During the pandemic, home-based care has skyrocketed, which was necessary to help limit exposure and keep older adults safe from COVID-19. Patient preference is also shifting to care in the home over facility-based care. Now, as we look to the future, care in the home serves as an opportunity to reduce the number of older adults suffering falls each year.
Falls are the leading cause of fatal and nonfatal injuries for older Americans. Falls threaten the safety and independence of older adults, and generate enormous economic and personal costs.
Falls often occur when entering and leaving the home, while in public, and in facility-based health care settings. Older adults may suffer falls on their way to medical appointments, while picking up their prescription medications, or during a hospital stay. What if we could bring clinical care to them instead?
Moving Health Home, an alliance to advance home-based care, sees care in the home as an opportunity to address and prevent falls in older adults.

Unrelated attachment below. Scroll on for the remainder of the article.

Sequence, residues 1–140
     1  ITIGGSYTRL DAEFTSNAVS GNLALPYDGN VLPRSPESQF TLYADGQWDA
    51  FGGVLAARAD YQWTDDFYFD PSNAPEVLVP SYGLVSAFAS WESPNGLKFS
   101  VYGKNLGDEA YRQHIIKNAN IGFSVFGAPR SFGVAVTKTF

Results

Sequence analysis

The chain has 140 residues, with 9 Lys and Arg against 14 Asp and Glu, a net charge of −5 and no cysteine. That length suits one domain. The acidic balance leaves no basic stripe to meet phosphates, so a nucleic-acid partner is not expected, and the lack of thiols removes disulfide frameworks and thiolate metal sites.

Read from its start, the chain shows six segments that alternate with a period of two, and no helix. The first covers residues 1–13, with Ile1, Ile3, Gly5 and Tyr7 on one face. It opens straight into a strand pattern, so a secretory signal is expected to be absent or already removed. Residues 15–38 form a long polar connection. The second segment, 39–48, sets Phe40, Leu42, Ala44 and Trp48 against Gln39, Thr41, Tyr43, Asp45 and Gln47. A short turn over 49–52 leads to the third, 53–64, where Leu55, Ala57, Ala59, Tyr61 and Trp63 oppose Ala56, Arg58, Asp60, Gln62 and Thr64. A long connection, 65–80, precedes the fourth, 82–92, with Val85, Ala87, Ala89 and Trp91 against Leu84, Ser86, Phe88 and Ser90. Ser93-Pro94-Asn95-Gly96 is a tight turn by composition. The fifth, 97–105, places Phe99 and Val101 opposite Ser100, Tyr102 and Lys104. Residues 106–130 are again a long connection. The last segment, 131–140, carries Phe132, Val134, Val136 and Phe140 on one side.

The ability for older adults to receive care in the home avoids the additional risk of suffering a fall while traveling between medical appointments, during a stay in a facility-based hospital, or while receiving a suite of clinical services that could otherwise be offered in the home.
It is difficult for a patient to recall specific factors in their physical environment that may contribute to causing a fall in the home. Importantly, when providing clinical care in the home, health professionals with specialized experience in home-based care are often trained to screen for falls risk by evaluating the environment. This is occurring in the home where it makes the most sense, not during a facility-based appointment.
As an example, when an in-home primary care physician is conducting a house call, they might take the time to clear wet leaves from the path leading to the front door. This is a seemly simple act, but one that can reduce the risk of a fall.
Increasingly, hospital-level care is being offered in the home to many patient populations, such as those with Medicare Advantage. Based on peer-reviewed research and pilot studies, we know patients in hospital at home programs are less likely to suffer from a fall than when in the facility-based hospital setting. In some cases, falls have been close to zero in hospital at home programs. If a fall is suffered, continuous monitoring is often used to immediately dispatch help.
Moving Health Home members want to see the home as a clinical site of care to give older adults the freedom to choose where they receive their care. We want policymakers to realize the many benefits that come with expanding access to care in the home, including significantly reducing the chance of suffering a fall.